Written By Carolyn J. Hudson,
Wow! It’s been six years since that horrible night that I was raped by an elder of the church I attended at that time. That violation dramatically changed my life on all levels; physical, emotional, mental, financial, social and most of all spiritual. It was catalytic in nature. It was a force that became a demarcation, a mark in time from the life I knew to a new life totally unknown to me.
The physical assault of rape was horrible enough, however that did no compare to the co-abuse or re-victimization I experienced and the serious health issues that magnified because of the attack. Most days I fought for my life physically, mentally, emotionally and some days I was too weak to fight. No one knew. We Christians are good at hiding.
What has happened to me in those six years? I died and did not know how to revive myself. I reached the deepest depths and the highest heights in my soul. It’s difficult to explain those many collisions in my soul. The emptiness and fullness, the peace and fear, the sadness and joy, the destruction, the death, the depression yet the determination. Through it all, my survival tools became truths that I call “Points of Grace” that helped me maintain life and walk the healing journey. Instead of writing my life events over the years since my last writing in 2011 I chose to write what I have learned through this trauma journey.
My Points of Grace – My Truths Birthed From My Trauma
- Trauma is life changing – I learned the severity of trauma. Trauma is not a hiccup in life. Trauma is a life changing eruption that destroyed my life as I knew it. My structure, my pillars were gone. Trauma changed the landscape of my life. I had a new normal now, a normal I did not want or ask for but it was my life now, whether temporary or permanent. Insecurity, fears, anger, confusion, isolation, self- blame and severe depressions are just a few of the new normal feelings.
I did not want to accept or call my life a new normal. I wanted my old life back. I fought to keep doing what I do every day but I failed. My mind and body did not connect anymore. Depression lived with me every day and slept with me every night. No matter how much I wanted to attempt normal everyday functions I couldn’t. The assault affected my capacity to do daily chores. I could not function. Memory loss, confusion, anxiety, fears, isolation grief, depression were my normal. Through therapy I realized my trauma symptoms were not unusual. They were normal for a survivor. As I began the healing process and many symptoms began to minimize I realized my life would not be the same.
- Silence is not golden – I learned the importance of speaking out. Speaking out is imperative for real healing. It’s empowering, strengthening and life giving. Hiding and suppressing the trauma has long lasting negative effects. Suppressing pain can cause health issues. Though I was silent, the violation, the trauma still affected my life decisions. Talking about the trauma, talking about the pain and releasing it helped. It was important for me to have someone to talk to, have a safe person, a safe place where I could speak, where I could release my pain and not be judged.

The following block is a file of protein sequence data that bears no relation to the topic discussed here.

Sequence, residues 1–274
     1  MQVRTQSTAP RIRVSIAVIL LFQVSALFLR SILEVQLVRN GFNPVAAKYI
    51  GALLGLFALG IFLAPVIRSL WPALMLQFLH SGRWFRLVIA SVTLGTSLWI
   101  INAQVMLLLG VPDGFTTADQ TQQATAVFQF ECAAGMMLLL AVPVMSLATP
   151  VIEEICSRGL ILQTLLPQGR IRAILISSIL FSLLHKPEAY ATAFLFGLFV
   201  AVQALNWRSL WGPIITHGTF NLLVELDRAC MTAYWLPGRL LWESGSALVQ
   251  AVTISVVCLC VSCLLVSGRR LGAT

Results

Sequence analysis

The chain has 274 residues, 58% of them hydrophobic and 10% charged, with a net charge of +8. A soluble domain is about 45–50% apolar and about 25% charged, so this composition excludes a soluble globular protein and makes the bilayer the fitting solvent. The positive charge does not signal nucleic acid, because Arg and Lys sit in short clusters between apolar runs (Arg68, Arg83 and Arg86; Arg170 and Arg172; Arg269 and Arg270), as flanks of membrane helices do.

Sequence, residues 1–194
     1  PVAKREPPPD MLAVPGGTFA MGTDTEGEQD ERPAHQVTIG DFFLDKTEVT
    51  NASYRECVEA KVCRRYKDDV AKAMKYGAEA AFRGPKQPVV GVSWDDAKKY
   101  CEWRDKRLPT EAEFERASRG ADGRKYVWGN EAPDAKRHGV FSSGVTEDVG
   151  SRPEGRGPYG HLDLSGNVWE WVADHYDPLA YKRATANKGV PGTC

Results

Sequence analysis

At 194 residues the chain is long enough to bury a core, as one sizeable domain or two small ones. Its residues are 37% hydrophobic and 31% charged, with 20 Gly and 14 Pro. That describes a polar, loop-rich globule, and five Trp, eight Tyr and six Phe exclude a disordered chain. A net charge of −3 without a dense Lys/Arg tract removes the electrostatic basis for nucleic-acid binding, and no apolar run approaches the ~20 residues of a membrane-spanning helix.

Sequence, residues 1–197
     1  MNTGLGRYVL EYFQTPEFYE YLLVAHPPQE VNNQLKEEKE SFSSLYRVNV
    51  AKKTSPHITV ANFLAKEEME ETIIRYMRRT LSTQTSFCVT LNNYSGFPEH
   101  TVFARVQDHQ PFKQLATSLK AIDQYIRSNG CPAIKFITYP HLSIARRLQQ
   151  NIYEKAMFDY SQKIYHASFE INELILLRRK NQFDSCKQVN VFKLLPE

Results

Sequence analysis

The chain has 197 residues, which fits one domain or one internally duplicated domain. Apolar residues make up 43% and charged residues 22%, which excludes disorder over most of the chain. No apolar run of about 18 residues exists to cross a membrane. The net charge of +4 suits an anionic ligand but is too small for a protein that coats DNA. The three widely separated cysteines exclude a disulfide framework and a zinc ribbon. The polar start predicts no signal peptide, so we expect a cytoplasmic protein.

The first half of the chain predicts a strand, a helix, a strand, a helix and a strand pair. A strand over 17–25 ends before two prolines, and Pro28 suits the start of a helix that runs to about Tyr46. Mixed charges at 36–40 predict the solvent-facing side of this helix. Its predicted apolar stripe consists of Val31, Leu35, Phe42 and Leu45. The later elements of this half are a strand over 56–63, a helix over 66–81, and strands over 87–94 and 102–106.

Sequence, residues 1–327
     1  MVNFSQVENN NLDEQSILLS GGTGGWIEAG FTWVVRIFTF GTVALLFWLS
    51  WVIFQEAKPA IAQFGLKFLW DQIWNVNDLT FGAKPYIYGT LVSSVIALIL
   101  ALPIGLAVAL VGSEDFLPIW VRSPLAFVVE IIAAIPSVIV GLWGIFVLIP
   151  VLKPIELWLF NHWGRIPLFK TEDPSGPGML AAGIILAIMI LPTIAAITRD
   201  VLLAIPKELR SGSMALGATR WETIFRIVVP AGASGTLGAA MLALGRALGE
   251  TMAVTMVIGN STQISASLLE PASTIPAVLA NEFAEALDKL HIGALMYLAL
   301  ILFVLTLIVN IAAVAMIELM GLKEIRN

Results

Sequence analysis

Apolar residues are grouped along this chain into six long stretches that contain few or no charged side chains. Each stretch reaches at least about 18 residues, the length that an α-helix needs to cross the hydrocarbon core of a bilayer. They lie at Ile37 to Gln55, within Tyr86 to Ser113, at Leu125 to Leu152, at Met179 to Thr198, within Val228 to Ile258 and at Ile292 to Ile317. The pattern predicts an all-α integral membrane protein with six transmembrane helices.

After I was raped the authorities advised me not to speak about what had happened for fear of it may affect the trial to come. Being the obedient person I was trained to be from childhood, I desperately tried to honor their wishes but failed. I needed a release in my soul. I had to talk to someone.One Sunday morning while serving as a minister I broke down in church. Fortunately I made it to the ministers room before I let out the biggest cries and screams. I could not be silent. I was in great pain and needed to talk. That was the best thing I could have done for me. They wanted to help but couldn’t. Talking about the trauma later with others helped me tremendously. I learned the safe places to express myself. Talking helps many survivors heal and decrease the negative effect on their future lives. Silence is not golden.
- Safe places are necessary for healing –I learned having safe places to express yourself is an important component of healing. A safe place can be a person, group of people or a place. It is a place in your life where you can be yourself. It wasn’t good to isolate myself though I preferred that above anything social interaction. Trusting someone with my wound I learned was important. I tested the waters and trusted my gut. I could tell very quickly if someone connected to me just by their conversation. A safe person is someone who has your heart, who empathizes who listens to you without judging and has your best interest in mind. If I shared my pain, my heart and it bounces back to me that person or group of people was not a safe place. Anyone who judges, blames, guilts or minimized the violation was not a safe place for me. Re-victimization can kill someone who has survived a traumatic attack. Don’t allow it. Finding a therapist that fit me was important. Finding a support group that fit me was important and sharing with people that know me.
My place of worship was not a safe place for me. I felt re-victimized by the church leadership and eventually had to leave to live. I relied on my safe places, a few family members and friends, my therapist and later two support groups. Sometimes the person in my safe place did not understand what I was going through but they were there for me, patient and empathetic. I could trust them with my wounds. But I also had to grow into a safe place within myself. My own thoughts were a danger to me and they had to change for my good. Sometimes I was my worst enemy. I had many battles within my conflicted soul. I had to build myself up from within and destroy all negative thoughts that hindered my healing.